It’s examining whether exemptions which allow religious schools the right expel same sex students and dismiss gay teachers should stay in place.

The Prime Minister Scott Morrison has promised amendments to discrimination law to make clear no student at religious school should be expelled on the basis of their sexuality.

Guests:

Michael Kirby, former High Court Judge

Jeremy Stowe-Lindner, Principal of Bialik College, Melbourne

Abdullah Khan, Principal of the Australian Islamic College (Perth & Adelaide) and Chair of the Islamic Schools Association of Australia

Mark Spencer, Executive Officer Policy, Governance and Staff Relations at Christian Schools Australia

Bialik College calls for religious exemptions allowing LGBTIQ students, teachers and staff to be excluded to be scrapped

Bialik College says discrimination against staff, students and teachers on the basis of gender identity or sexual orientation is unacceptable.

Bialik College

Aleph Melbourne welcomes Bialik College’s submission to the Senate inquiry into legislative exemptions that allow faith-based educational institutions to discriminate against students, teachers and staff.

Submissions to the inquiry are open until November 26 2018.

See our table of responses from Jewish schools across Australia.

 

20181119-Bialik-College-Submission-to-Discrimination-Inquiry

 

Bialik Principal issues statement on school’s support for marriage equality

Following on from the announcement of Bialik College becoming the first school in Australia to declare support for marriage equality, the school’s principal Jeremy Stowe-Lindner has issued the following statement on their Facebook page:

Bialik College is proud to join Monash University, Swinburne and over 800 other organisations, in confirming our support…

Posted by Bialik College on Wednesday, 17 February 2016

Bialik College urges the community to support Keshet

Last Friday, July 31 2015, the Principal of Bialik College, Jeremy Stowe-Lindner, issued this letter urging the community to support the application of Keshet Australia to become an affiliate member of the Jewish Community Council of Victoria at the plenum meeting on Monday August 3.


 

31 July 2015

Shalom Kehilla,

Rarely do I write to our Bialik community to pass comment on events beyond the College, but such is the situation at the moment with regards the inclusion of members of our community that I feel obligated to write.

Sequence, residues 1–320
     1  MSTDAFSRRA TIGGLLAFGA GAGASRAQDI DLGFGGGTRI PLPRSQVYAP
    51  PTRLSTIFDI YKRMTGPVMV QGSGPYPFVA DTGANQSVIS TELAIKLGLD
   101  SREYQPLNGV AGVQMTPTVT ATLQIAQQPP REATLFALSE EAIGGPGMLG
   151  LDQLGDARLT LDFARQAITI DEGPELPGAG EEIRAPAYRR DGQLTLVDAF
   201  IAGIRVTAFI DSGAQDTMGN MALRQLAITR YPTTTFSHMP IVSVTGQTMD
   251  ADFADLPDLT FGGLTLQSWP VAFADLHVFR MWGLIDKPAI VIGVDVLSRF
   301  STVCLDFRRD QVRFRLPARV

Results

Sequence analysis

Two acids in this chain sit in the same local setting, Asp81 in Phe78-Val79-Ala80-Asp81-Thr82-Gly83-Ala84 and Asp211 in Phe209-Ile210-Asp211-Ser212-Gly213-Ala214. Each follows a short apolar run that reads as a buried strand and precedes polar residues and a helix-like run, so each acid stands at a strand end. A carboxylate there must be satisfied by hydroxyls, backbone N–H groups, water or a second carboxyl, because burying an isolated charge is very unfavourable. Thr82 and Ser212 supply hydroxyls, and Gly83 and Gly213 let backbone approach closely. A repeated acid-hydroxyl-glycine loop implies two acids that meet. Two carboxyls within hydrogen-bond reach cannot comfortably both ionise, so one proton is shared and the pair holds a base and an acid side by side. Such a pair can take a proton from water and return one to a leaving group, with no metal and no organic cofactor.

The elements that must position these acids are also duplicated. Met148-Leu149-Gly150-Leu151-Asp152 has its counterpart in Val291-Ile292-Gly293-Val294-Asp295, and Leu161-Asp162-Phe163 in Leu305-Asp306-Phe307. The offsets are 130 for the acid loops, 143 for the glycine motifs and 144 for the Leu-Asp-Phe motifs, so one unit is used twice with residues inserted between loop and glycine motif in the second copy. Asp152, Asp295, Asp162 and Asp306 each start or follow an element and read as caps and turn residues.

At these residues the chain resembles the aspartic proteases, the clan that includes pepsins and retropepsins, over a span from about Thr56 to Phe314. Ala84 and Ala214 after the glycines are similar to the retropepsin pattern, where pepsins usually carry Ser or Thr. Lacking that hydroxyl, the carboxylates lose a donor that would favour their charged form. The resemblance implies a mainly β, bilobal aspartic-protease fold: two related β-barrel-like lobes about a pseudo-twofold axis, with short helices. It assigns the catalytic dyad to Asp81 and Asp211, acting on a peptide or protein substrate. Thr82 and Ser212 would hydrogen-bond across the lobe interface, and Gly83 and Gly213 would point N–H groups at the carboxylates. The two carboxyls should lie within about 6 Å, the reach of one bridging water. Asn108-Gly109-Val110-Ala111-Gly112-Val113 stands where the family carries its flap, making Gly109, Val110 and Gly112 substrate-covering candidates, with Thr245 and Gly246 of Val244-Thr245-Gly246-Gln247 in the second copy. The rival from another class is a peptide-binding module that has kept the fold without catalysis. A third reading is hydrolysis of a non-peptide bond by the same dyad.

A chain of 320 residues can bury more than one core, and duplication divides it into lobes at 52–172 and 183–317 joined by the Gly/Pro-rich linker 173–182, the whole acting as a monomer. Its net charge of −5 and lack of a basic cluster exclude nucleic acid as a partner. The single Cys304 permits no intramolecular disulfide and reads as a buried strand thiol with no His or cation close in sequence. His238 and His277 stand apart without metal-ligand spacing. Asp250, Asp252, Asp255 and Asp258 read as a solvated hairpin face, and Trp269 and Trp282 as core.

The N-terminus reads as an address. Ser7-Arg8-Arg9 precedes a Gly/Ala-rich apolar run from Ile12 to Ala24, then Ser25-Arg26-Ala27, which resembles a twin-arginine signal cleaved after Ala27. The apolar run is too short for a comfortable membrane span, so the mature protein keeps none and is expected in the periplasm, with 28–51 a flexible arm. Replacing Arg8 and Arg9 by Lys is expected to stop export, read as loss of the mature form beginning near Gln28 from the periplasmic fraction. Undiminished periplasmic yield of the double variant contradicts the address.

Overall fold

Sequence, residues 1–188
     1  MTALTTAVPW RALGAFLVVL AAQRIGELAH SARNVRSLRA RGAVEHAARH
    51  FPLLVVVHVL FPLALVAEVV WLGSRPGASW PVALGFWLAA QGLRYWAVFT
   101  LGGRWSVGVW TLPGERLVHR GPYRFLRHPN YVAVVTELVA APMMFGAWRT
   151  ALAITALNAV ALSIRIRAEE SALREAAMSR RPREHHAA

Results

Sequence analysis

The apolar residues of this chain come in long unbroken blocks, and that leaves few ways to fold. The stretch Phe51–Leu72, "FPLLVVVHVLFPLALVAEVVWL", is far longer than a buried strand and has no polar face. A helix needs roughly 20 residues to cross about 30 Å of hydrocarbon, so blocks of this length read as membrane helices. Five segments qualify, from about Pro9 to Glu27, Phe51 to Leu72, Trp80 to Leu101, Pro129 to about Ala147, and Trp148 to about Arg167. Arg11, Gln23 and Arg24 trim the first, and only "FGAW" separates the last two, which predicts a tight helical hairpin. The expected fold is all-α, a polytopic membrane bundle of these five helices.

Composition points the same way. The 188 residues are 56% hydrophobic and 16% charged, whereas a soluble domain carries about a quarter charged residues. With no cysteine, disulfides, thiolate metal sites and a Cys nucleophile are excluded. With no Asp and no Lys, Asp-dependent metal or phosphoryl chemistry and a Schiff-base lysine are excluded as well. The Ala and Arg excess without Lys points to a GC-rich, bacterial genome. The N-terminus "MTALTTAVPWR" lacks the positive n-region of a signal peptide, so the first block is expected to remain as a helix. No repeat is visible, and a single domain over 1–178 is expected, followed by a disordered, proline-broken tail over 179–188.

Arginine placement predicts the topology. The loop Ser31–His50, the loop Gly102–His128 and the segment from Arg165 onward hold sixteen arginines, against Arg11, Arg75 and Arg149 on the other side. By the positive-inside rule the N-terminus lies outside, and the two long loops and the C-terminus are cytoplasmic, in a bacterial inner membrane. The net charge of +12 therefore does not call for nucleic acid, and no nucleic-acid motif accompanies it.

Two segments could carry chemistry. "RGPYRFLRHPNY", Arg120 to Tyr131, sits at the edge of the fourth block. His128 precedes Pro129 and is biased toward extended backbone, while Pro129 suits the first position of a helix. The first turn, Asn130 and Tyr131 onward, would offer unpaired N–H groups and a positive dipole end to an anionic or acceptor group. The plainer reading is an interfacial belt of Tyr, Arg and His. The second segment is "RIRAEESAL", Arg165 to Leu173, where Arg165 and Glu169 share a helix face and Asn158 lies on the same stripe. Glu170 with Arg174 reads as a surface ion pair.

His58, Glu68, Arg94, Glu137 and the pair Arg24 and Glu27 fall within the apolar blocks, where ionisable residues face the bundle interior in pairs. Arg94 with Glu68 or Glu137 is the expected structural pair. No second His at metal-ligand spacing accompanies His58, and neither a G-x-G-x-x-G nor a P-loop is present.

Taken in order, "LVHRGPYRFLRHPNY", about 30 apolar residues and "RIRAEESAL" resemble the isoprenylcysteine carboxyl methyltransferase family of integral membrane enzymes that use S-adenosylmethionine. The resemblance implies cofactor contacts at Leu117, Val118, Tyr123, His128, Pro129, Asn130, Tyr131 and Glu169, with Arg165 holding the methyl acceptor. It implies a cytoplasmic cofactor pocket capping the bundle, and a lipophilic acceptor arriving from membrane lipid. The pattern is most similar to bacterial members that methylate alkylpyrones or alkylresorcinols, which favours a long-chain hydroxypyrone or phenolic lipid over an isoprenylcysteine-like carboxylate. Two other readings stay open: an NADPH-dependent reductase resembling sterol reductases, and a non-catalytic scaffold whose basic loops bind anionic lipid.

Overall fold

It is with horror that we turned on our computers this morning and opened our newspapers to learn of the knife attack at the Gay Pride event in Jerusalem. The attack appears to have been perpetrated by a member of our own community and this makes the situation all the more shocking.

The Jewish people are a mosaic of difference. Whether we are Orthodox or Progressive, Ashkenazi or Sephardi, practising or non-practising, gay or straight we are all members of klal Yisrael, the people of Israel.

The rainbow spectrum of our community, and I use the term ‘rainbow’ deliberately, is something that we should celebrate. The idea of inclusion of those whose lifestyles are different to what may be seen as mainstream, but contribute positively to the community without impinging on the freedom of others, is a fundamental tenet of modern liberal Jewish values.

As the Jewish Community Council of Victoria debates on Monday whether to include Keshet, a group representing Jews who may not identify as heterosexual, I would like to express my personal view as Principal of a cross-communal pluralist Jewish school that the inclusion of such members of the community in our institutions should not be a matter of debate but simply a matter of fact.

Having just commemorated Tisha B’Av, the date when so many calamities have befallen the Jewish people and when we bemoan ‘baseless hatred’, now is the time to come together as a community and make a positive stand for inclusion.

Shabbat Shalom,

Jeremy Stowe-Lindner
Principal


 

Bialik to be a ‘safer’ school | AJN

Bialik to be a 'safer' school
Bialik to be a ‘safer’ school
Australian Jewish News (Melbourne edition)
March 8 2013, page 12

Letters to the Editor: letters@jewishnews.net.au
(250 words max and include not-for-publication contact details)


QOSA video: